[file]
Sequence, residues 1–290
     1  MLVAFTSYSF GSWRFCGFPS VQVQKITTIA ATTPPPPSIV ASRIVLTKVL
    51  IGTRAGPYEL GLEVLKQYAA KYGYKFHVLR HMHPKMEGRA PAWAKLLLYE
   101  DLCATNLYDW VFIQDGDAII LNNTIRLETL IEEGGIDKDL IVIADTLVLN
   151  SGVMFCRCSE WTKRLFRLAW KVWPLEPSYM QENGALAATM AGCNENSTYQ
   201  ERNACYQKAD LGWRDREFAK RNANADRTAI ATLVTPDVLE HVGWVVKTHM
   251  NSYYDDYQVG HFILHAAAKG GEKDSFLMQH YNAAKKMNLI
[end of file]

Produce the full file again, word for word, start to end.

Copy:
Sequence, residues 1–290
     1  MLVAFTSYSF GSWRFCGFPS VQVQKITTIA ATTPPPPSIV ASRIVLTKVL
    51  IGTRAGPYEL GLEVLKQYAA KYGYKFHVLR HMHPKMEGRA PAWAKLLLYE
   101  DLCATNLYDW VFIQDGDAII LNNTIRLETL IEEGGIDKDL IVIADTLVLN
   151  SGVMFCRCSE WTKRLFRLAW KVWPLEPSYM QENGALAATM AGCNENSTYQ
   201  ERNACYQKAD LGWRDREFAK RNANADRTAI ATLVTPDVLE HVGWVVKTHM
   251  NSYYDDYQVG HFILHAAAKG GEKDSFLMQH YNAAKKMNLI